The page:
I'm out by the street to take this photo so you can see it's small but filled with colorful plants like purple Salvia Amistad and an abundance of pink flowers. I'm reminded of writer Sandra Cisneros' former San Antonio home which garnered national attention when she painted it "periwinkle purple" and created controversy over the meaning of "historic" colors.
No such controversy in the Rosedale neighborhood of Austin where the neighbors also chose bright paint for their cottages. Lucinda, dressed to match her house and garden, was there to greet us. Even the hand-outs were printed on purple paper. That's Jean McWeeney of Dig, Grow, Compost on the right.
I was thrilled to learn the house interior was open and available to tour but first we'll explore the garden. Looking back to the street from the side garden. Lucinda describes her gardens on her website if you would like to follow along.
Lucinda's cat Sancho posing in his sharp tuxedo on the herb garden wall built across the former driveway. Her sense of humor is already showing and I'm still in the front garden. Sancho is Spanish slang for "lover" and Lucinda enjoys calling "Sancho" much to the amusement of her neighbors.
Lucinda gardens right up to the house next door.
Looking back toward the street. I feel like I know this garden so well from all the blog posts I've read.
Several of us commented that broken pot mulch looked like something we could pull off.
And now to follow the crowd of about 40 bloggers through the gate to the perpetual Fiesta that is Lucinda's garden. Austinites Jenny Stocker and Fling organizer Diana Kirby pause for a chat with Lucinda.
My favorite gardens are always those which reflect the personality of the owner and Lucinda's garden is filled with personal details and vignettes. According to her blog, Lucinda's father liked to fish and often spoke of catching a mermaid which inspired her mermaid garden. Art in the garden was mostly created by friends of Lucinda.
Fish chairs for the sea-themed mermaid garden. So many details to take in like the mosaic on the face of the step.
Hand me a Raspa and Elote! Back home in San Antonio my city is celebrating 300 years and we had just finished our Fiesta season which takes up most of April.
Even though we are definitely in Austin, the phrase "Puro San Antonio" comes to mind for "Our Lady of La Tina," a play on "tina" the Spanish word for bathtub. Karst rocks evoke European catacombs and the grotto at Mission Concepción in San Antonio. The heart-shaped rock is a perfect keystone.
More herbs and flowers in a raised bed. Mosaic stepping stones in the courtyard. There are so many ideas in this garden I'll look back at my photos many times.
With all the details to take in, I did my best to keep track of fun ideas like this iron doll bed turned into a planter for marigolds.
It is interesting how few patterned Talavera pots are in Lucinda's garden. Most are bright, solid colors with patterned plates used as edging. Every pot filled with colorful flowers and herbs.
First, let's admire the artful Stairway to Heaven mosaic which leads to the kitchen.
A view through the window to her extensive and colorful folk art collections displayed on the porch with palapa style awning. Another idea I would love to try somewhere in my own garden.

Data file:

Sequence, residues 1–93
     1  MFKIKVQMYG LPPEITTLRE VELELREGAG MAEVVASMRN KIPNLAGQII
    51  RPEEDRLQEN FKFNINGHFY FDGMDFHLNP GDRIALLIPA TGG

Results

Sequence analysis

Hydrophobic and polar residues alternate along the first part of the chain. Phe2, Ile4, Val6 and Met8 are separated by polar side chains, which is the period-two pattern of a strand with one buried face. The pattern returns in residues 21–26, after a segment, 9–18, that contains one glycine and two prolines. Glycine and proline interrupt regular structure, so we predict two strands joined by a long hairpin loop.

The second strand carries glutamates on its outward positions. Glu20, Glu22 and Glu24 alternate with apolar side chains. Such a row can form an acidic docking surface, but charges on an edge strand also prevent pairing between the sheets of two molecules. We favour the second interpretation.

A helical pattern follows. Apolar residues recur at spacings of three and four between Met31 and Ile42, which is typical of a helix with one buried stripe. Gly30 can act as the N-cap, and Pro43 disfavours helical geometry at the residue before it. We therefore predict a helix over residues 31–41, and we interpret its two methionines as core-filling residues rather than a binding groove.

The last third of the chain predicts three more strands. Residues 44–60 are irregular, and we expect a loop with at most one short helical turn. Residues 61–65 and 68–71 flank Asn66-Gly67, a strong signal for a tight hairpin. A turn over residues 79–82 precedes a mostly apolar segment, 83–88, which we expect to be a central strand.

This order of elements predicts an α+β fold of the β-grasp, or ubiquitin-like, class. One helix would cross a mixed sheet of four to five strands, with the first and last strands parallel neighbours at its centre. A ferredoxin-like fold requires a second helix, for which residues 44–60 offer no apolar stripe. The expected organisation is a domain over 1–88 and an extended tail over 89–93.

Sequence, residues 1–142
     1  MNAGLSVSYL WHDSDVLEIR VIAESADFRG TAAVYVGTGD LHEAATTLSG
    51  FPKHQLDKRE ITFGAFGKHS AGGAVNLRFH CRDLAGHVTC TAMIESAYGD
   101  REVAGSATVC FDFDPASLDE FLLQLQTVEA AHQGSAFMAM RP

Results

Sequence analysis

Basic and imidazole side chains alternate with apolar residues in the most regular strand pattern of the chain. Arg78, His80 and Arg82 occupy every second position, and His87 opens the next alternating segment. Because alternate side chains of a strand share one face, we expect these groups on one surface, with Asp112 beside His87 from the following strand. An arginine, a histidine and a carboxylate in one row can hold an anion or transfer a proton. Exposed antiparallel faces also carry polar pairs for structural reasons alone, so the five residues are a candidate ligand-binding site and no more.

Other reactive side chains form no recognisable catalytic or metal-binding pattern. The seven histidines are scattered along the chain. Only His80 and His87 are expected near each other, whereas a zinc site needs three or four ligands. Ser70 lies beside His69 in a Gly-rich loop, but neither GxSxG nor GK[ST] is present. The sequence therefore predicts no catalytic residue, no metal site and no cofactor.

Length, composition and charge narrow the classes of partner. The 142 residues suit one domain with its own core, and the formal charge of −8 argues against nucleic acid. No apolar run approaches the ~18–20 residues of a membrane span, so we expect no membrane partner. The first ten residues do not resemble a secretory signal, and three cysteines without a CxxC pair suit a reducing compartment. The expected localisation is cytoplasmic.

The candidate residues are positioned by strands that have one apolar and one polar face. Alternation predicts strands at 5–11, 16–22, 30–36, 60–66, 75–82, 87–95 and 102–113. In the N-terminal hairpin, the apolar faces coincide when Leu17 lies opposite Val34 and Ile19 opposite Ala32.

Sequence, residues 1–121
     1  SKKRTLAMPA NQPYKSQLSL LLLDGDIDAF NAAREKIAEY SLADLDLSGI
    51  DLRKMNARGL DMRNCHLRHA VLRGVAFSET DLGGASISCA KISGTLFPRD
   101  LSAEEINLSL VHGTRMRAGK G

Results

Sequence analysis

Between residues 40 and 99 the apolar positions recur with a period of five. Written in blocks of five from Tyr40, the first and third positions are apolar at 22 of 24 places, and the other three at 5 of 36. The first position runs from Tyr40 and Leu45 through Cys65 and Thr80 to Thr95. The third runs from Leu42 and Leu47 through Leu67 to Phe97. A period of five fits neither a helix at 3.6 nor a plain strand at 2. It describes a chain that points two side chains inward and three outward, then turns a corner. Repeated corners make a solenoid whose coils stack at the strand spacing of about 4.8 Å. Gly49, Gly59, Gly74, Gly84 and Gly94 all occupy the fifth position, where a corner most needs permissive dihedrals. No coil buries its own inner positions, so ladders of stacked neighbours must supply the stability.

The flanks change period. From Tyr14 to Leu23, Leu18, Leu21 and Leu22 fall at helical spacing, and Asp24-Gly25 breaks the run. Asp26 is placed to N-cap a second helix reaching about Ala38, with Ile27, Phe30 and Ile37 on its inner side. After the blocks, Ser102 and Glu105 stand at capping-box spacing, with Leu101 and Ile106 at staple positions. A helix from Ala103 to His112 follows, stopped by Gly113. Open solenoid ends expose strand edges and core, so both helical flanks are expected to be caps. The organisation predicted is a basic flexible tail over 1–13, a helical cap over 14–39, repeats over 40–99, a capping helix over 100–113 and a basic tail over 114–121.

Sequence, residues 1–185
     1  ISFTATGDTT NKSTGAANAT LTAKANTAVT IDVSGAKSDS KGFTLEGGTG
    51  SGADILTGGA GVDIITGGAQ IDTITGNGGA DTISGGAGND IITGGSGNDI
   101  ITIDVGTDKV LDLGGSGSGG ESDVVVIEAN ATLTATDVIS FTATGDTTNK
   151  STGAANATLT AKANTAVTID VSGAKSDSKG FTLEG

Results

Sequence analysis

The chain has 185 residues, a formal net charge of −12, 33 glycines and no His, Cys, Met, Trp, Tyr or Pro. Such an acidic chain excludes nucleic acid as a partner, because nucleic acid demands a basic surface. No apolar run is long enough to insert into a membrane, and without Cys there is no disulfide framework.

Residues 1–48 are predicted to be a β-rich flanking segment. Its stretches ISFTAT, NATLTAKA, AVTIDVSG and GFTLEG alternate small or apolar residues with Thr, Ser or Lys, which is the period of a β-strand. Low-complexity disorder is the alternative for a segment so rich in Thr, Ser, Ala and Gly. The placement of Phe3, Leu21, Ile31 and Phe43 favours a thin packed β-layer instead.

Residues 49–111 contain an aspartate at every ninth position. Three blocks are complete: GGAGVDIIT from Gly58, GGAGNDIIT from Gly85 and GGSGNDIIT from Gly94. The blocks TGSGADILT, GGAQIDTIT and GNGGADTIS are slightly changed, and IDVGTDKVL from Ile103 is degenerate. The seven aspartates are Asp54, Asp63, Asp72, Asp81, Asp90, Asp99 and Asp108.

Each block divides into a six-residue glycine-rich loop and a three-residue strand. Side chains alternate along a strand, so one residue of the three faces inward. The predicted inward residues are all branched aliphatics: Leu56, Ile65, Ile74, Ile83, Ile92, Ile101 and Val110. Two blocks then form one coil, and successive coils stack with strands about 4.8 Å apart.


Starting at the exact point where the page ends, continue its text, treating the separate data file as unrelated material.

Loved the porch door with its Texas star.
A fun vignette with Mexican child's chairs on the wall.
Like a trip to Mexico without the travel. The dining deck where many a fun dinner or party has been set.
Around the corner to La Lucinda Cantina.
Tequila bottle tree of course from the author of ¡Viva Tequila!. "Mexico in a bottle" as she likes to call it.
Republic Tequila in Texas-shaped bottles is a must for local Tequila tastings. Apparently wine is also popular at Lucinda's parties with plenty of corks for mulch at the base of the bottle tree.
The mermaid lounge with Salty Lady Beer cans. So much thought goes into everything.
Lucinda's office at the back of her garden is outfitted with more subdued colors and filled with mementos and books.
Around to the front, we'll head inside for a tour. The garden and the house flow together and I will happily admit to wanting to see the house almost as much as the garden.
Día de los Muertos celebrations are in full swing as I write this at the beginning of November so it's fun to post now. (As bright as it was outside, the interior was dark so I had to use flash.)
Lucinda turns her tabletops into altars for Día de los Muertos. She has written about her love for this celebration on her blog.
More mermaids inside.
Every room was open--brave lady!
The colors of Mexico throughout.
Painted chairs work together though each is different.
Lucinda, author of The Herb Garden Cookbook, actually cooks in a tiny kitchen. Her friend stepped in to help out directing traffic and answer questions with so many visitors at once.
The real deal Tequila bar with not a "mixto" in sight.
I have a fascination with kitchen sink views so I had to catch this shot. "La Sirena" means mermaid in Spanish.
Agave chandelier is a must for the author who wrote the book on Tequila.
Lucinda poses with her house. I can't begin to describe how much fun it was to finally see her garden and home in person.
A big Thank You to Lucinda Hutson for opening her garden to the bloggers!